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    #16
    Originally posted by DebbieL View Post
    I purposely made the sample that way to get the point across. If it should be obvious which to pay off first with the amounts equal, it is just as obvious with the amounts unequal. The CC paid off first will get you out of debt quicker and with less cost - no matter what the numbers are. I don't care if the other debts add up to only $5,000 or if they add up to $50,000 - it is irrelevant. Logically the best choice is always to pay off the highest interest first - period.
    Logical and money don't mixed for most people......or people wouldn't be in debt....something to think about.

    Example: I want a new car. It is $30,000. I don't have $30K. Logical reasoning would not buy the car, but I really want this car, so I put it on a CC and now in debt to my eye balls. This is my point, people don't usually think logically when dealing with money. If they were thinking logically then they would have known that they did not have the cash and therefore would not buy the car.

    Now money and behavior/emotion....now that's a match made in heaven. That is why my point toward paying down CC from lowest balance to highest w/o worrying about the interest rates. If the person is attacking their debts hard then the extra interest is not going to amount to much anyway since that debt will be paid for soon. It really is 20% math and 80% behavior.
    Last edited by ActYourWage; 06-03-2009, 11:24 AM.

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      #17
      This is an interesting discussion. I'm currently paying down my highest-interest debt, which is at 8.99%. Depending on job and income fluctuations, I'm anywhere from a few months to a couple years to getting rid of it, but I'm already thinking about what I'd want to do next.

      I could go straight to the next-highest rate, a student loan. Or I could go after the last of my "bad" debt, the AX credit card. I could fix the emotionally "bad" debt and finish paying off my dad (I'm halfway done). Or I could start attacking my mortgage in an attempt to get some equity and refi it.

      Since I've got some fixed, some variable; some with tax benefits attached and some without, it's kind of hard to settle on what I'll do next.

      Here are the debts and their rates, if anyone is interested in weighing in:

      Personal debt:
      CO loan 8.99% fixed (FOCUSED ON PAYING OFF 1ST)
      AX CC 3.99% fixed
      Loan from Dad n/a

      Mortgage debt:
      US Mortgage 5.75% var.
      UK Mortgage 1: 1.49% var.
      UK Mortgage 2: 1.49% var.
      UK Mortgage 3: 1.49% var.

      Education debt:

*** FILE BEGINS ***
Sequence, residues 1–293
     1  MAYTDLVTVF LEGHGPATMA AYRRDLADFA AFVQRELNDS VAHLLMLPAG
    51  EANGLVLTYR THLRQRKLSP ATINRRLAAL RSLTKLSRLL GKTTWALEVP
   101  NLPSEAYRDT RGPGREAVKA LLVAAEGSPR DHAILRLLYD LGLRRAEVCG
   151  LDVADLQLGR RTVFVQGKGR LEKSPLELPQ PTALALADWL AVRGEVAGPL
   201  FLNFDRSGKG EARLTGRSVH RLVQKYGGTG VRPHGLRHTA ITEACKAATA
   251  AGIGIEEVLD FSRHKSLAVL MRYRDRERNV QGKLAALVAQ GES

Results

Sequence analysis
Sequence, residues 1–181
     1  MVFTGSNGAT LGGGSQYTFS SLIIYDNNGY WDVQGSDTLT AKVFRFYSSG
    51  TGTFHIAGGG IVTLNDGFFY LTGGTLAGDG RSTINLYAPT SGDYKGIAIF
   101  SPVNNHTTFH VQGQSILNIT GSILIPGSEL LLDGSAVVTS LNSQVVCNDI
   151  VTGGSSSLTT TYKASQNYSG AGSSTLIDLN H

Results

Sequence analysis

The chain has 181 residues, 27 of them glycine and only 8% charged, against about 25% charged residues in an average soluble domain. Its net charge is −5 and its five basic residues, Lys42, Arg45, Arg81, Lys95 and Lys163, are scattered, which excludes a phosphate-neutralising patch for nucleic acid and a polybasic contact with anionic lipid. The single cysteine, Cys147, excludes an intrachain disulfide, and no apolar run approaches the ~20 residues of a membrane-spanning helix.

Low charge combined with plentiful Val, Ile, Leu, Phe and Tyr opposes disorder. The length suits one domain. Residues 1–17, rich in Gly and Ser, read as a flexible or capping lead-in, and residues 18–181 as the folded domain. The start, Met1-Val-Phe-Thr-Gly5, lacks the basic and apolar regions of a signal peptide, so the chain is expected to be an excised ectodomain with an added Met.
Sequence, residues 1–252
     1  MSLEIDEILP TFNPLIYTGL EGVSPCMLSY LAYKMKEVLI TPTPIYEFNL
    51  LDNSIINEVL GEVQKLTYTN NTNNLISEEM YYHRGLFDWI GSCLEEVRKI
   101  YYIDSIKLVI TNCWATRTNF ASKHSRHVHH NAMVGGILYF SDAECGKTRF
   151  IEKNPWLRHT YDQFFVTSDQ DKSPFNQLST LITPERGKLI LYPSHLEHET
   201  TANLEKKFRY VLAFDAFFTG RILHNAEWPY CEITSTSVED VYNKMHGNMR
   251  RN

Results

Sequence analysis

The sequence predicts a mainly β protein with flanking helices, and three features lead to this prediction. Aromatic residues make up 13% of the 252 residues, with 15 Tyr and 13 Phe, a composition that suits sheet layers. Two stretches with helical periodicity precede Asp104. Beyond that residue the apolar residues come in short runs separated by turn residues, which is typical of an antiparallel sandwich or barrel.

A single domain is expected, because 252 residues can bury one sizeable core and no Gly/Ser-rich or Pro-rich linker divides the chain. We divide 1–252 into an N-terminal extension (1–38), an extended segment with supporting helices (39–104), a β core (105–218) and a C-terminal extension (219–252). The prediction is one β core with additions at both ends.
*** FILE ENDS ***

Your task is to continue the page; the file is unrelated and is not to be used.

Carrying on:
AS SM 4.5% fixed
      AS FM 3.0% var.
      AS DL 6.55% fixed
      NT DL Subsidized unknown (not due til '12)
      NT DL Unsubsidized unknown (not due til '12)
      NT FM 5.7% var.
      NT Education n/a til '12

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        #18
        What are the balances of these debts? This will help determine which to pay.

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          #19
          Personal debt:
          CO loan $10,511 8.99% fixed (FOCUSED ON PAYING OFF 1ST)
          AX CC $12,188 3.99% fixed
          Loan from Dad $6,000 n/a

          Mortgage debt:
          US Mortgage $177,428 5.75% var.
          UK Mortgage 1: $81,376 1.49% var.
          UK Mortgage 2: $17,156 1.49% var.
          UK Mortgage 3: $18,063 1.49% var.

          Education debt:
          AS SM $15,801 4.5% fixed
          AS FM $2,145 3.0% var.
          AS DL $12,581 6.55% fixed
          NT DL Subsidized $1,043 unknown (not due til '12)
          NT DL Unsubsidized $8,411 unknown (not due til '12)
          NT FM $3,743 5.7% var.
          NT Education $30,090 n/a til '12

          Comment


            #20
            Originally posted by ceejay74 View Post
            Personal debt:
            CO loan $10,511 8.99% fixed (FOCUSED ON PAYING OFF 1ST)
            AX CC $12,188 3.99% fixed
            Loan from Dad $6,000 n/a

            Mortgage debt:
            US Mortgage $177,428 5.75% var.
            UK Mortgage 1: $81,376 1.49% var.
            UK Mortgage 2: $17,156 1.49% var.
            UK Mortgage 3: $18,063 1.49% var.

            Education debt:
            AS SM $15,801 4.5% fixed
            AS FM $2,145 3.0% var.
            AS DL $12,581 6.55% fixed
            NT DL Subsidized $1,043 unknown (not due til '12)
            NT DL Unsubsidized $8,411 unknown (not due til '12)